Last week, Curtis Harold DeBerry, owner of the Texas-based Progreso Produce Company, was arrested and accused of cheating investors, business partners and banks out of millions of dollars over the past few years. He now faces up to 30 years in prison.
According to the criminal complaint, DeBerry hid assets by transferring money to his children, and diverted assets meant for creditors to pay for his own luxury items (including a yacht). One of the more egregious allegations in the complaint is that he bilked a fruit wholesaler out of over $8 million.
We regularly come across people that are hiding assets in their family members’ names or in secret companies. We recently found that a debtor had placed all of his North Carolina companies in his nephew’s name, and then used those companies to buy up loads of property. We always think outside of the box when we’re doing an asset search. We’re well equipped to look for assets in the names of people close to the debtor using our proprietary commercial databases and by scouring the public record.
On the flip side, in many cases, our clients would not have needed an asset search if they’d done some more diligence prior to entering into the bad business deal. This looks to be the situation here with the fruit wholesaler. Sure, it costs money to do diligence, but a few thousand dollars to save $8 million seems more than worth it.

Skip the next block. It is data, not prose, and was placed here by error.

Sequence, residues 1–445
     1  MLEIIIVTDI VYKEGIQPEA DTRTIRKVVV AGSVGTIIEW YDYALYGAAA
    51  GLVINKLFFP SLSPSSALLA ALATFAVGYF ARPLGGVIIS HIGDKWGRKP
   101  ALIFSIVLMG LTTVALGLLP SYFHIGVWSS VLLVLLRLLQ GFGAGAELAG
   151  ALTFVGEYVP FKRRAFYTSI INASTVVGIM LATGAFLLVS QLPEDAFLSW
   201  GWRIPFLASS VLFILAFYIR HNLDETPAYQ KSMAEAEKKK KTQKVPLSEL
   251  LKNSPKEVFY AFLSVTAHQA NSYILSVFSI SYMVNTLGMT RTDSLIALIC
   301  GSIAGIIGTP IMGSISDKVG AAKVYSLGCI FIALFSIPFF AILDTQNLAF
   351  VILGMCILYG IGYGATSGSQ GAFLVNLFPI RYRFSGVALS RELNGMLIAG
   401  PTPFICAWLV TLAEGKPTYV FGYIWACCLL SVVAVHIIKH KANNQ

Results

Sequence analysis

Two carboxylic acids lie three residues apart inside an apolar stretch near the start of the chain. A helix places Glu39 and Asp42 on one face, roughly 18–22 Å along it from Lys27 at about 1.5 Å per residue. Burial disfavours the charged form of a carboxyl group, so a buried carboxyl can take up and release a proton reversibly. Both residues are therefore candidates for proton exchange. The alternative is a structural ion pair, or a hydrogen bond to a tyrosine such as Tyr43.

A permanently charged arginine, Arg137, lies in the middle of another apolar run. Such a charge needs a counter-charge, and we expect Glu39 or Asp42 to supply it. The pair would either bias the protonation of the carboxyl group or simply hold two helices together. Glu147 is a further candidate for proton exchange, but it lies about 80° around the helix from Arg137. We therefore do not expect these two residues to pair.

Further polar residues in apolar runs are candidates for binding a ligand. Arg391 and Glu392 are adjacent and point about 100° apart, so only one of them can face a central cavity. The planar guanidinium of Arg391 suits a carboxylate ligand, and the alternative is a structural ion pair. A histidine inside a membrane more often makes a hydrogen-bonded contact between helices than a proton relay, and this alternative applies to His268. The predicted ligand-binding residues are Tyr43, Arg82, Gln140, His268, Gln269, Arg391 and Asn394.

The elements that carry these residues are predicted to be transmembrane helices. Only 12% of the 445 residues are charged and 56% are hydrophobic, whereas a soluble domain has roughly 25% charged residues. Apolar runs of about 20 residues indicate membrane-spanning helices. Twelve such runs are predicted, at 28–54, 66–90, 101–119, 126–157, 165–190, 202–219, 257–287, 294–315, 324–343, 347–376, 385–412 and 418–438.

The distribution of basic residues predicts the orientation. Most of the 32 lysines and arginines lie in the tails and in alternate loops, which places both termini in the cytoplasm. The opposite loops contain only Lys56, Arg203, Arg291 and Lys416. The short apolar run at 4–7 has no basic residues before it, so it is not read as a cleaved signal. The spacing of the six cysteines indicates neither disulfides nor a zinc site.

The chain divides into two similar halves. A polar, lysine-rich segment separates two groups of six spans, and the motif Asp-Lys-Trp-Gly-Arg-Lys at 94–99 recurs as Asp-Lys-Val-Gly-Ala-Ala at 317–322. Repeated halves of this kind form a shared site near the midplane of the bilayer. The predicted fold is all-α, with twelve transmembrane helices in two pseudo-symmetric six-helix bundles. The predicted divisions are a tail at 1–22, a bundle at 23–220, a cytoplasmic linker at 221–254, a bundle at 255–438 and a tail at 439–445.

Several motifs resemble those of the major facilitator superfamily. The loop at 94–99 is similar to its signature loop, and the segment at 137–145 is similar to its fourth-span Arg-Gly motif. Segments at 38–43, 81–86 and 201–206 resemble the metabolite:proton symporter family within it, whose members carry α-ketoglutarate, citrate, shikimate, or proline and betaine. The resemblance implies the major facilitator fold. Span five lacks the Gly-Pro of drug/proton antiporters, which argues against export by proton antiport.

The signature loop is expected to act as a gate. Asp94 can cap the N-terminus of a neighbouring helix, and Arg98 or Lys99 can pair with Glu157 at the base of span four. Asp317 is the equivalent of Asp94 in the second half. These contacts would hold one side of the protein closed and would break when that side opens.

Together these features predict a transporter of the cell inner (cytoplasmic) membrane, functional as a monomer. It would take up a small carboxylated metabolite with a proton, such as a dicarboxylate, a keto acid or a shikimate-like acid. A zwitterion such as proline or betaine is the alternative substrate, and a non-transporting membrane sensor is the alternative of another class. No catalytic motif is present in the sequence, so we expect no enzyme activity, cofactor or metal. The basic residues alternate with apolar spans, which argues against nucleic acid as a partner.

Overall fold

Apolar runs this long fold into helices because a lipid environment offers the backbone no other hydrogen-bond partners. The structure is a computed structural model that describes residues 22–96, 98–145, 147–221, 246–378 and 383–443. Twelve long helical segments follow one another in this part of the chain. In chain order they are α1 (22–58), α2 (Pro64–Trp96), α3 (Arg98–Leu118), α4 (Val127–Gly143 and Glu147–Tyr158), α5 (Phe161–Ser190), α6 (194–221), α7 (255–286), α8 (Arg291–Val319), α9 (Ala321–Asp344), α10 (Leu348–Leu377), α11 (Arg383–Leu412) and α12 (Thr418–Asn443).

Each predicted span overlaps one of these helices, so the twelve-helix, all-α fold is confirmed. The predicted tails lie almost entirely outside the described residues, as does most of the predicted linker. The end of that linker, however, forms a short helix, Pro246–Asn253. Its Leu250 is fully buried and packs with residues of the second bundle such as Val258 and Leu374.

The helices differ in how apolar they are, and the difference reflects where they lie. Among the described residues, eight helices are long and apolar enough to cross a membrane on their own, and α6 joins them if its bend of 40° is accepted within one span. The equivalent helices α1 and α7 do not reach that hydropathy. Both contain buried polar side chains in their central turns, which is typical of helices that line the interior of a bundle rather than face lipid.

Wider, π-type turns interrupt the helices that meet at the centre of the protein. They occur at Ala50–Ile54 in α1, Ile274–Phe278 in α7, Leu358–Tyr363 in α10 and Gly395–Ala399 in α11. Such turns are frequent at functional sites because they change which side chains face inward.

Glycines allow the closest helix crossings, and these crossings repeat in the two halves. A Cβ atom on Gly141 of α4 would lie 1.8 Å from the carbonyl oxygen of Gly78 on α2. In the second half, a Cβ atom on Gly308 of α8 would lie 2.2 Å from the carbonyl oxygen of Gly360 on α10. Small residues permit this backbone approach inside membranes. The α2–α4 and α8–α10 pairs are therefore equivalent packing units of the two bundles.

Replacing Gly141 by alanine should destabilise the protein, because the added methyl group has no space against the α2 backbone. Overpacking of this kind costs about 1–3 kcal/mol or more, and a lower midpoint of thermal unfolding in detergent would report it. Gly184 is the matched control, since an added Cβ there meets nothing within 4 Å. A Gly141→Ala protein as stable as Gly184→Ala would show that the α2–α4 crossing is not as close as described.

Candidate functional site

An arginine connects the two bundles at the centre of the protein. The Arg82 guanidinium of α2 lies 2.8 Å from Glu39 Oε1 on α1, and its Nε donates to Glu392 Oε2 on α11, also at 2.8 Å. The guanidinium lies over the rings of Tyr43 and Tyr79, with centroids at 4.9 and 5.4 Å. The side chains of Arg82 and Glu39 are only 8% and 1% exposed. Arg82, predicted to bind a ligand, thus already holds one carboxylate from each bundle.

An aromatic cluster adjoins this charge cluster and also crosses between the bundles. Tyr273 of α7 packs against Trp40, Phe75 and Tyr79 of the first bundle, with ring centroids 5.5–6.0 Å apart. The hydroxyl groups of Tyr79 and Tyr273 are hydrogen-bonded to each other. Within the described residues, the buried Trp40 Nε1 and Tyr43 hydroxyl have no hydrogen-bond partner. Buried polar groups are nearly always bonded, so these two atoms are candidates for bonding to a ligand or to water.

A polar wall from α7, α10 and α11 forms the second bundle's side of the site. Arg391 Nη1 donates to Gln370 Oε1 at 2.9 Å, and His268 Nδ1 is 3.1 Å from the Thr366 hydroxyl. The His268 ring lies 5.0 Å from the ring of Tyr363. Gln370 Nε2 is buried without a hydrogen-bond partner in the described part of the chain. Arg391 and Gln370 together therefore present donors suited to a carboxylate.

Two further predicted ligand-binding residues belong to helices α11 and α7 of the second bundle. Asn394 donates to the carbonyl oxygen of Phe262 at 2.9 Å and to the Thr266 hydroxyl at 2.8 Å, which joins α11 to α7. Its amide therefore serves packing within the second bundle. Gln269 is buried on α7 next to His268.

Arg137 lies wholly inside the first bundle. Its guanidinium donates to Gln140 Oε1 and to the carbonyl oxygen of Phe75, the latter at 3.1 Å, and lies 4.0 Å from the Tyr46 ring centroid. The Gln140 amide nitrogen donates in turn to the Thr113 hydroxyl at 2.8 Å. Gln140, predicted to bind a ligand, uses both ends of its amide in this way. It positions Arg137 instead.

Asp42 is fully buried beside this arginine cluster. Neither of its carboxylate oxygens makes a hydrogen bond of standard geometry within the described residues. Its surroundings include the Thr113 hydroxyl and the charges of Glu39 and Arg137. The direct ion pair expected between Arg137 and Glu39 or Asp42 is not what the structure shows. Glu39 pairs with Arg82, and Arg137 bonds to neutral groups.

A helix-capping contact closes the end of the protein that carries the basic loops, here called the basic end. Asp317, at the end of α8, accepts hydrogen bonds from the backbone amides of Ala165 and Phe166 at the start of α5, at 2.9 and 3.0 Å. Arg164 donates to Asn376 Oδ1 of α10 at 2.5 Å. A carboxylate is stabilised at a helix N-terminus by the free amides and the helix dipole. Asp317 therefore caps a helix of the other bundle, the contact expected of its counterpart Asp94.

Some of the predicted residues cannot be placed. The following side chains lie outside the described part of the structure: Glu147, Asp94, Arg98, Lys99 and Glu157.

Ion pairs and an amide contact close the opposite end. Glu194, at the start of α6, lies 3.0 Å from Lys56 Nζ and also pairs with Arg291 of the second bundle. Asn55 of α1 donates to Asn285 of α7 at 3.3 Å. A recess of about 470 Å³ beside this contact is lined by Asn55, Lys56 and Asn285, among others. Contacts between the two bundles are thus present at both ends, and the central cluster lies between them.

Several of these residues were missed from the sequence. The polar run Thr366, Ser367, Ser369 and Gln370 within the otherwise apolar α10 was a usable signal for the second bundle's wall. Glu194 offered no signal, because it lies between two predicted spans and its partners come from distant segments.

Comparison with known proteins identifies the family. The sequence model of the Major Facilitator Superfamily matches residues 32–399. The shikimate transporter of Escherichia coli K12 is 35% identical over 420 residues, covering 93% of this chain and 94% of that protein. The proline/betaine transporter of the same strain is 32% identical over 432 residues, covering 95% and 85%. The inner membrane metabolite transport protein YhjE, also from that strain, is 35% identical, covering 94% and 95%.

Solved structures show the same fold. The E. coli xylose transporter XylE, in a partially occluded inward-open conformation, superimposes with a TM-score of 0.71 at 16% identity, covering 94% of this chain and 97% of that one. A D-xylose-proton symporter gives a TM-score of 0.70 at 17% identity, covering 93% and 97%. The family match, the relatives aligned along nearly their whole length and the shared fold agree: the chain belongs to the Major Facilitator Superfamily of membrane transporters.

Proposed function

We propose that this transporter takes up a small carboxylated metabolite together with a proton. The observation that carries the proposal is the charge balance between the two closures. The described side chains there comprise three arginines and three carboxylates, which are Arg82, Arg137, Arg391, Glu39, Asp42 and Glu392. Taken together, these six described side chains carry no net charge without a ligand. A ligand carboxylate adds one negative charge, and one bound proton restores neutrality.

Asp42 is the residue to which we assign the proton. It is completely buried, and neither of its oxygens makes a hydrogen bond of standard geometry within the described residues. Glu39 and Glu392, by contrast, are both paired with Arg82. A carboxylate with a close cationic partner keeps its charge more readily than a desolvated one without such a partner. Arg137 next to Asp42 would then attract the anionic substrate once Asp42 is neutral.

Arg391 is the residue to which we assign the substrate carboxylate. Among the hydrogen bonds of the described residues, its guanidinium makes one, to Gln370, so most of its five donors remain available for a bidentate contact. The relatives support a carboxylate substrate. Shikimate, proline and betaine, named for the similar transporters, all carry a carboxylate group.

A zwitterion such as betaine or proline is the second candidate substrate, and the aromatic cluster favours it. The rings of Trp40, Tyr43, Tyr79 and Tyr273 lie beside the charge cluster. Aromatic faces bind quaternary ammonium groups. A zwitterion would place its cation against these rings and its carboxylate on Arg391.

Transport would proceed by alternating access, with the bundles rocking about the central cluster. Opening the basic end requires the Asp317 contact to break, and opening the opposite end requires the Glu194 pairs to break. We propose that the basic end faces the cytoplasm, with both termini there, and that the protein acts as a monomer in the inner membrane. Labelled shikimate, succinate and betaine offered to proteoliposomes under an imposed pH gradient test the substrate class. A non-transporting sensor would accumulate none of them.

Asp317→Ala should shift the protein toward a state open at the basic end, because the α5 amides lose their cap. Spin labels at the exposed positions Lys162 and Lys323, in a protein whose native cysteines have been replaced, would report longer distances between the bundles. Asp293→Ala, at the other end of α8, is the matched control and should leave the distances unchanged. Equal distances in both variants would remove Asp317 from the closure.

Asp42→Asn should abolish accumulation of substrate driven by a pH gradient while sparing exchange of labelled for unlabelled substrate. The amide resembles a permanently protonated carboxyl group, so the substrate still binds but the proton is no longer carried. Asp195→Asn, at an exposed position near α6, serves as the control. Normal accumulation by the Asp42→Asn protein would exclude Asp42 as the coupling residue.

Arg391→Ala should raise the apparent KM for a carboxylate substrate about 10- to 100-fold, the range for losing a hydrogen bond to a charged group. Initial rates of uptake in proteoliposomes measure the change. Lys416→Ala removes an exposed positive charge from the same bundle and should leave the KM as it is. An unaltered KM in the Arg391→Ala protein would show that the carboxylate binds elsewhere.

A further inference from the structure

In this case, Fruit wholesaler, Eclipse Berry Farms, LLC, and Progreso entered an agreement to grow and sell strawberries together. According to a civil complaint, to induce Eclipse to sign the agreement, Progreso showed Eclipse 42 leases with strawberry growers in Zamora, Mexico where the strawberries for the joint venture were to be harvested. Eclipse then sent over $8 million to Progreso for growing, producing and packaging the strawberries.
According to the complaint, after the contract had been signed and money advanced, Eclipse sent a quality control person to Mexico to actually take a look at the strawberry harvesting land and operations. It was then that Eclipse learned that Progreso did not have any leases with strawberry growers in Mexico and had instead been haggling with local strawberry growers to buy strawberries at a very low price. Ultimately, Progreso used about $2 million of Eclipse’s funds to purchase strawberries in Mexico, but kept the balance of the $8 million for itself.
Though it was prudent for Eclipse to eventually send a quality control person to Mexico to check on the strawberries, it would have been wiser to send someone down prior to investing $8 million in the first place. A few phone calls to the counterparties on the strawberry leases might have even been enough to put Eclipse on notice of Progreso’s alleged fraud. Had they discovered that Progreso did not have any leased strawberry land, they would have never advanced the money, and wouldn’t now be stuck duking it out with other creditors to get pennies on their dollars back from Progreso.